“In 30 years of being a lawyer I’ve never seen such a budget of such measures,” says Branco. “No public officer would have thought that they would see their salary cut.”

Raw deals

Few would have guessed that Portugal’s year would end on such a low. The country began 2010 relatively strongly, say lawyers. There was promising dealflow and the banks looked to be in good shape. But the ­sovereign debt crisis soon made its mark on the legal market. Combined with austerity measures put in place by the government it caused financing to disappear, dealflow to dry up and projects to be put on hold.

“Everything’s been marked with the effects of the sovereign debt crisis,” says ­Santos Vítor. “Even if we started 2010 ­better than we did 2009, the rest of the year was determined by the nervousness of the ­markets. The implementation of government measures to cut spending has had, and will continue to have, a big effect on the Portuguese economy.

“As a result of cutting down on spending a lot of large PPP projects have been stopped: the third crossing across the Tagus River has been stopped and so have the ­airport projects. Also, the high-speed rail project [from Lisbon to Madrid], although it hasn’t stopped, is progressing very slowly.”

There were a few headline deals in 2010, but these were mostly anomalous and said little about the Portuguese market. The largest deal was Telefónica’s e7.5bn ­purchase of Portugal Telecom’s 50 per cent stake in Brasilcel, which controls 60 per cent of Brazilian phone company Vivo.

The bidding war for Cimentos de ­Portugal (Cimpor), again involving Brazilian bidders, also kept a few firms busy (see box, page 32).

“There’ve been a couple of large deals in Portugal, but these don’t represent the ­market as it stands,” says Francisco Sá Carneiro, founding partner at Campos ­Ferreira Sá Carneiro & Associados. “These deals were triggered by international events. The whole Cimpor deal was a war among Brazilian bidders. The Portugal Telecom deal was again down to the Brazilians – it just so happened that the stake in the ­company was owned by a Portuguese player.”

The only significant deal with any relation to the Portuguese market, according to Sá Carneiro, was bank and financial group Montepio’s e341.25m takeover bid for ­Finibanco.

“The offer to purchase Finibanco was the only truly Portuguese deal [last year],” says Sá Carneiro. “The rest were just triggered by outside events – there’s no money to lend in Portugal.”

Instead, the type of work that firms have had to subsist on has been the usual ­downturn-related regulatory and compliance mandates.

“The type of legal services has certainly changed because of the sovereign debt ­factor,” says Pedro Câmara, executive ­partner at Sérvulo & Associados. “The economic and financial conditions mean that the privatisations [which were announced by the government in March to raise public finances] didn’t happen. People were counting on a lot of privatisations, but none happened. A major trend is the reduction of transactional work and a significant increase in regulatory work.”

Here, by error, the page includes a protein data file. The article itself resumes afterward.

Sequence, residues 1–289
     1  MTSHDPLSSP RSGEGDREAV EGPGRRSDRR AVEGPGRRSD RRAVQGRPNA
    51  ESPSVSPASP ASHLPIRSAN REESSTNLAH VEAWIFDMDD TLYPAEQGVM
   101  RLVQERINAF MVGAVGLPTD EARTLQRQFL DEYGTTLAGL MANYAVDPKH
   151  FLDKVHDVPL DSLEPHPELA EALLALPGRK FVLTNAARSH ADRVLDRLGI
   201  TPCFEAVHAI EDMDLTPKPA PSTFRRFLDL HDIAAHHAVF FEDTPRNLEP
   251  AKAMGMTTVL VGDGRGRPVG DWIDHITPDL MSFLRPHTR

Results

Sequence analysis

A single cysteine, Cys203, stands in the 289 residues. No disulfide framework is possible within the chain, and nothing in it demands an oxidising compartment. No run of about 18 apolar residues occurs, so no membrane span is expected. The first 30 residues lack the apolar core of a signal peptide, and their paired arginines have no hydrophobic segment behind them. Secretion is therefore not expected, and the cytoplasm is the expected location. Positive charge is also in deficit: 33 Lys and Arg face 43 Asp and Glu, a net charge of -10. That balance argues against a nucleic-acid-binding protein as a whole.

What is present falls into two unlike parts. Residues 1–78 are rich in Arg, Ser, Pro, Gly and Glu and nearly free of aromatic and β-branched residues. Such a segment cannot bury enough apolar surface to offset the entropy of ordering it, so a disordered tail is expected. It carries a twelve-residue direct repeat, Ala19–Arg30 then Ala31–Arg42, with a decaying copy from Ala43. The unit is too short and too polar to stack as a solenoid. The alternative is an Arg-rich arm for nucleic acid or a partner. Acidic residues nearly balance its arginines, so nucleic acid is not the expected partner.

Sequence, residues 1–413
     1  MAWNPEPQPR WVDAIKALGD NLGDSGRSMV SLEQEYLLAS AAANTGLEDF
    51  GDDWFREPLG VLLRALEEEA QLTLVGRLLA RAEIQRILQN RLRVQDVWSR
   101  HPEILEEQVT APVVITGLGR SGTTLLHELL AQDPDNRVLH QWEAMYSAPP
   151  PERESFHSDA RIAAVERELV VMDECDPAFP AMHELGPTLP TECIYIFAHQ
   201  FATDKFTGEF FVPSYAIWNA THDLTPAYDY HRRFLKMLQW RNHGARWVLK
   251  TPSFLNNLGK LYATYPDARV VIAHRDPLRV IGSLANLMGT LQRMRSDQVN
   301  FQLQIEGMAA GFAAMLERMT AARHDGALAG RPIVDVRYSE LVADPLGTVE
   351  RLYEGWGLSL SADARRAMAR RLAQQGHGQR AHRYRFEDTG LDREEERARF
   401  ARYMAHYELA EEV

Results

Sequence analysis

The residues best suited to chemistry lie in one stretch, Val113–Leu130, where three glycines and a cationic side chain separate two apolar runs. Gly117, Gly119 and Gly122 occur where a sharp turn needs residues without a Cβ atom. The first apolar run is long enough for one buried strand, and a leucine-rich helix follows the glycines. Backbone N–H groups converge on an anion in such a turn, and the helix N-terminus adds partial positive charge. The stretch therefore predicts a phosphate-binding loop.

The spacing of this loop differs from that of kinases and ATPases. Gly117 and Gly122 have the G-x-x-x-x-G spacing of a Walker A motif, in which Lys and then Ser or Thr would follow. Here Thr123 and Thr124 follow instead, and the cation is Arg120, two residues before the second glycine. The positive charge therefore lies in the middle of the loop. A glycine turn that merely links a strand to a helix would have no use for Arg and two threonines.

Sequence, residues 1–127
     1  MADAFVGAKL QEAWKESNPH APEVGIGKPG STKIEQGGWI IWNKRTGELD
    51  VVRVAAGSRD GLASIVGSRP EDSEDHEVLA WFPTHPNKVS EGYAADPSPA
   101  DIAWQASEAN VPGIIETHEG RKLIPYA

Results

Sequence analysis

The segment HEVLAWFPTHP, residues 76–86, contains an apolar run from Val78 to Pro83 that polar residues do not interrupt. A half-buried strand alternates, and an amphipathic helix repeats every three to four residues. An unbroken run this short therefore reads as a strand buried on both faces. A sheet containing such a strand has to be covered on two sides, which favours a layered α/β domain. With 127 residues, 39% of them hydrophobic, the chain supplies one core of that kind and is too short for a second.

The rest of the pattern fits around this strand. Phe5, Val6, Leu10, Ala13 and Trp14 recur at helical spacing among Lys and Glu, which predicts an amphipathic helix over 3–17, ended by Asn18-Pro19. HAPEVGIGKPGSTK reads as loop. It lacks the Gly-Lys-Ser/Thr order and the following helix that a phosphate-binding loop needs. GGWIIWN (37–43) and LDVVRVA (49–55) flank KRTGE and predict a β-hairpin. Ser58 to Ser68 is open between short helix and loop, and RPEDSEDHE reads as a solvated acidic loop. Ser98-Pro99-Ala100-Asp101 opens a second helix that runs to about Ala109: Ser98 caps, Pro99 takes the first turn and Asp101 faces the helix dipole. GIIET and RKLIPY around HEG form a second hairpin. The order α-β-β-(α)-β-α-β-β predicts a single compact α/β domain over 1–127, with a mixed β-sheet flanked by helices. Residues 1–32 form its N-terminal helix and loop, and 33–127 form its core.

Saviours over the sea

The consensus is, however, that regulatory mandates were not plentiful or profitable enough to make up for the dearth of deals. Fortunately Portuguese companies began looking abroad for opportunities.

“We’ve noticed a lot of the investment funds in Portuguese capital markets are leaving our country,” says Joana Andrade Correira, a partner at Raposo Bernado. “Most of the opportunities are abroad. The banks and financial entities have had their capacity reduced, so they can’t lend money to companies because banks need that money for themselves because they have to accomplish their solvency ratios.

“The major companies that are dedicated to these areas [projects and infrastructure] are also ­starting to go abroad. Here in Portugal they don’t have any projects. They don’t have any alternative.”

“Our clients have the clear idea that they must look beyond Portugal,” adds ­MLGTS’s Branco. “There just isn’t enough happening for them in Portugal anymore. The most attractive jurisdiction, especially for service ­companies and contractors, but also for lawyers and accountants, is Angola.

“The country’s growing and the political risks there are decreasing. We, as countries, understand each other well,
and Angola’s making large ­investments into Portugal and taking significant chunks of the Portuguese banks. A lot of money in Portugal at the moment is coming from the elite of Angola.”

It is not just Angola, but the whole of ­Portuguese-speaking Africa, that has exploded as a market to be exploited by Portuguese firms and businesses, with the number of Portuguese firms with offices or alliance partners in the region reflecting this (see box, page 28). In October 2010 Abreu Advogados became the latest firm to establish links in the region, tying up with Mozambique’s Ferreira Rocha & ­Associados.